Apparently a few Mozilla folks have a problem with my characterization of Firefox's retention statistics.
The main beef: What was I comparing Firefox's retention stats to? It's a good point. And Adrian Kingsley-Hughes addresses it well. In fact, I approached the issue the same way he did.
Here's what Asa Dotzler, Director of Community Development at Mozilla Corp., had to say:
The Mozilla community is engaged in a discussion around user adoption and retention that’s been picked up by some in the tech media with headlines and articles suggesting that Mozilla’s roughly 25% adoption/retention number is shockingly bad.
I wonder what they’re comparing it to. Do any of you all know of any other software organization that offers software for download and publishes information about the number of downloads they get, the number of people who actually install the software, and the number of people that continue using it for a month or a year?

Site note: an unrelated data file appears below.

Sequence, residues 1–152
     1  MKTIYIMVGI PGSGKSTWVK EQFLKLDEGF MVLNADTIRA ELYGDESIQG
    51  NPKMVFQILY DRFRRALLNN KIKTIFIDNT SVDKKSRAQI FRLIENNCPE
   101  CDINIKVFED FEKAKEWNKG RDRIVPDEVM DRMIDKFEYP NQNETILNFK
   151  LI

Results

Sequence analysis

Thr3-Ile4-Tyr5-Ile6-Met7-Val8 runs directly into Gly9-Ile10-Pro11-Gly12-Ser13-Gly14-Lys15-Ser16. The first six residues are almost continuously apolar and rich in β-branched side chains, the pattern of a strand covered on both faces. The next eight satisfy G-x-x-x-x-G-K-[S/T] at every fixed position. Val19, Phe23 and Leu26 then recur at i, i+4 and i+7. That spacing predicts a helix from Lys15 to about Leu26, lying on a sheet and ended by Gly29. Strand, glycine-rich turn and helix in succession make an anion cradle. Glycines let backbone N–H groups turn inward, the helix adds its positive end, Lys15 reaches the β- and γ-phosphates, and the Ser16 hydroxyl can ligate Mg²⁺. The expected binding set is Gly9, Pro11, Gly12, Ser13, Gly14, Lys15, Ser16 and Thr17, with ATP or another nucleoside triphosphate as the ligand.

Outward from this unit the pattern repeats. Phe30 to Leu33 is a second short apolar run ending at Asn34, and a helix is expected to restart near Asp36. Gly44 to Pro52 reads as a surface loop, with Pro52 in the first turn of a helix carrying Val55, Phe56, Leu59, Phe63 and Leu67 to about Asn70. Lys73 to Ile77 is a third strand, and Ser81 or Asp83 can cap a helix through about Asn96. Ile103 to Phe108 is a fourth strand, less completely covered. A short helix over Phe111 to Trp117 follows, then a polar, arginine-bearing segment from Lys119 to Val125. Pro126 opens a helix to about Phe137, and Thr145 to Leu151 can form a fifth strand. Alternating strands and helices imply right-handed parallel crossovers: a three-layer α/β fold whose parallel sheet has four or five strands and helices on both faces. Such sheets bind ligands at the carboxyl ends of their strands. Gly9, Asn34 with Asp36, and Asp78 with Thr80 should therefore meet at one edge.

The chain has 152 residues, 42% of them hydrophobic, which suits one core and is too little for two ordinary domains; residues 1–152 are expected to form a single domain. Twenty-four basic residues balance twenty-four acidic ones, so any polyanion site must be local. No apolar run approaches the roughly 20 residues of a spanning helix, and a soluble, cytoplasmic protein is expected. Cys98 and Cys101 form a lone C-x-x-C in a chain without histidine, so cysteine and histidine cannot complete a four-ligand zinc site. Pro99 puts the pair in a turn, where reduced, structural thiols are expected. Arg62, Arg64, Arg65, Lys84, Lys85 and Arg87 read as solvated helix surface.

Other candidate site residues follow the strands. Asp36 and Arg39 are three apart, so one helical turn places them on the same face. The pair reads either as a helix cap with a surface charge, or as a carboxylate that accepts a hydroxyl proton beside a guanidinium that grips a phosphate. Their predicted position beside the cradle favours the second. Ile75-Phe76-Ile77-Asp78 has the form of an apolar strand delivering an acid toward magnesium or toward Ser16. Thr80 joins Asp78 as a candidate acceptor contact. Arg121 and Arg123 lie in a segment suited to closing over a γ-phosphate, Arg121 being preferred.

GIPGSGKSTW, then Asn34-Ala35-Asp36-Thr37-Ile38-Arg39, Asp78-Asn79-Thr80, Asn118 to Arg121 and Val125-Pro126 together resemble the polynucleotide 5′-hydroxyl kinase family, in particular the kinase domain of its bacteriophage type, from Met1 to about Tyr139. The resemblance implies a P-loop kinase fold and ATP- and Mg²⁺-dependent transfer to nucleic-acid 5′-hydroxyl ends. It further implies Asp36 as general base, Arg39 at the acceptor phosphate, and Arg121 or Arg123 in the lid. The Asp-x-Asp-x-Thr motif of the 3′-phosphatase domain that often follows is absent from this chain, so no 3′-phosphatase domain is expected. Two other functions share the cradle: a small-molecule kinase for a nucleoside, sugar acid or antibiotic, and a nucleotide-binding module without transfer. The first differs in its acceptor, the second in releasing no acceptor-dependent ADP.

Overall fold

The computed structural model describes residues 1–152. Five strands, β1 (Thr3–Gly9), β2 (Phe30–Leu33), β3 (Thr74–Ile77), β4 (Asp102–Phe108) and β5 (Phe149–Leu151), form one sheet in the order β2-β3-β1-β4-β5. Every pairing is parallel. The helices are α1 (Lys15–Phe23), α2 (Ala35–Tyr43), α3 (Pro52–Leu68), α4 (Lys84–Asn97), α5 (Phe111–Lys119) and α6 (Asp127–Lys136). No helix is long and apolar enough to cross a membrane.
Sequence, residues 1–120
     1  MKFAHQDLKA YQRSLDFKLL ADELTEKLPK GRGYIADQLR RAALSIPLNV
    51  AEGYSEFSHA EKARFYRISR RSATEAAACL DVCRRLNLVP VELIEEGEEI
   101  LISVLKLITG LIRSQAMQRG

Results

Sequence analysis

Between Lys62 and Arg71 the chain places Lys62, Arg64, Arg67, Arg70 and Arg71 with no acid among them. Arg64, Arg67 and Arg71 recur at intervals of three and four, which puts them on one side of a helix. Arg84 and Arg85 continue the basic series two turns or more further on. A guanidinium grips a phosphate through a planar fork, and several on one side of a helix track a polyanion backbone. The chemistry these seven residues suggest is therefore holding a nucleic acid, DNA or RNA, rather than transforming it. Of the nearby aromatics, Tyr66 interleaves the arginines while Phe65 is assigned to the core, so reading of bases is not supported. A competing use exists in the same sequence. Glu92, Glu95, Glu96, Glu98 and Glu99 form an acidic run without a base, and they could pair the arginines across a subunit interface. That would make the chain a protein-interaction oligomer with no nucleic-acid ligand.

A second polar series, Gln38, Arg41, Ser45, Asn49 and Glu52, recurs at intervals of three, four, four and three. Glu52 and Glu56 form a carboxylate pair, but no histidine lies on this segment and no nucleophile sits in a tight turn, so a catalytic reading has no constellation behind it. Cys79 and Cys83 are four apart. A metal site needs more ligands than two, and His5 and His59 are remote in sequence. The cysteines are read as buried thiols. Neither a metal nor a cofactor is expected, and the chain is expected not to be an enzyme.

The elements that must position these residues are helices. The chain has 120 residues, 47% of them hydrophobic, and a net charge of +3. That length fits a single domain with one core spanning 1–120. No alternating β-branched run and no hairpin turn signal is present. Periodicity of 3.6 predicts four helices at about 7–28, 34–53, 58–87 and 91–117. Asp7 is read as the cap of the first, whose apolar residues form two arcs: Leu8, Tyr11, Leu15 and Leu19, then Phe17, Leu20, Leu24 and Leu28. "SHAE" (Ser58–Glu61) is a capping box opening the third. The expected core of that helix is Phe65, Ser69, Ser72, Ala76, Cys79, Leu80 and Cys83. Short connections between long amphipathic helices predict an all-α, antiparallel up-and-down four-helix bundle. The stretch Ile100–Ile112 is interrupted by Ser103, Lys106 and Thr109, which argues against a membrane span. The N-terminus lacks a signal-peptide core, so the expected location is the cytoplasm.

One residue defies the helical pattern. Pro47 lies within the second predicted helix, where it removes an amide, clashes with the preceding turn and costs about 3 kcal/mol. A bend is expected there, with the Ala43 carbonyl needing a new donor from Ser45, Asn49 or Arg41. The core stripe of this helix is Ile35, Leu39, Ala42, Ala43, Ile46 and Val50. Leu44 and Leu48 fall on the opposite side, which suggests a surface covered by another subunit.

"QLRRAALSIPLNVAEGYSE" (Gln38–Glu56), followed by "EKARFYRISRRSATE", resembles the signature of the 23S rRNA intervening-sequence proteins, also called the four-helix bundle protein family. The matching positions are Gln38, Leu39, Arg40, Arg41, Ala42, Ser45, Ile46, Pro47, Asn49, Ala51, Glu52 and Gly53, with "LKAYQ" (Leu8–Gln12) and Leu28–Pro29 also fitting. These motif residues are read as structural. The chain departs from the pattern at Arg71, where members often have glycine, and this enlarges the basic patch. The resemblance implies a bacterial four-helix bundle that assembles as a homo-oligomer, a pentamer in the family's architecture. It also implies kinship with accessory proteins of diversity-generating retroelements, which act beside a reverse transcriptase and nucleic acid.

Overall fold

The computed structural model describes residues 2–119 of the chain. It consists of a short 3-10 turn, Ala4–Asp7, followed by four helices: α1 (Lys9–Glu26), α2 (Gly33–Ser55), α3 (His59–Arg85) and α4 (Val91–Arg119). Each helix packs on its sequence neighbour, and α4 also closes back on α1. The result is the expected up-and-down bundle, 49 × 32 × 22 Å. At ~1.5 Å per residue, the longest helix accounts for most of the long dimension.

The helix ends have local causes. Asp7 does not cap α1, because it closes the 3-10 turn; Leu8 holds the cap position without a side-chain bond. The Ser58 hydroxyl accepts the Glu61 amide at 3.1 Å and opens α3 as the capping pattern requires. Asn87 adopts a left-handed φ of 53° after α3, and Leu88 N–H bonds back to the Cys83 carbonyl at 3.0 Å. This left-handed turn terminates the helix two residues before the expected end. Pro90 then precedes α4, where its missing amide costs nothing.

Do Adrian and Larry at ZDNet have something to compare Mozilla’s stats to? I’m assuming that they do since they feel confident calling Mozilla’s adoption and retention rates “shocking” and “poor”
I'll address the shocking part since it's my characterization. My complete sentence was:
"As a loyal Firefox user that retention rate is just shocking."
Why use "shocking?" It's shocking to me because I'm generally baffled as to why people use IE. Perhaps that has changed with IE 7, but not having tabs on IE made it a no-go for me. Perhaps the average bear doesn't have 10 to 20 sites up at once, but for me tabs were a big deal. And tabs meant Firefox in general. As for IE 7 I've tried it, but haven't stuck with it. To this day I still have trouble finding things on IE 7 since it's a bit different from the prior version. I'm sure IE 7 is easy to pick up, but I just don't care.
As to the comparison stats: These retention statistics aren't readily available. And frankly there's only one comparison that matters with Firefox and that's IE's retention statistics. Given Firefox's retention rates it's logical to assume most of those folks are with IE. I'll try to get IE retention stats, but it's kind of moot since a Windows user doesn't have to do anything to use IE.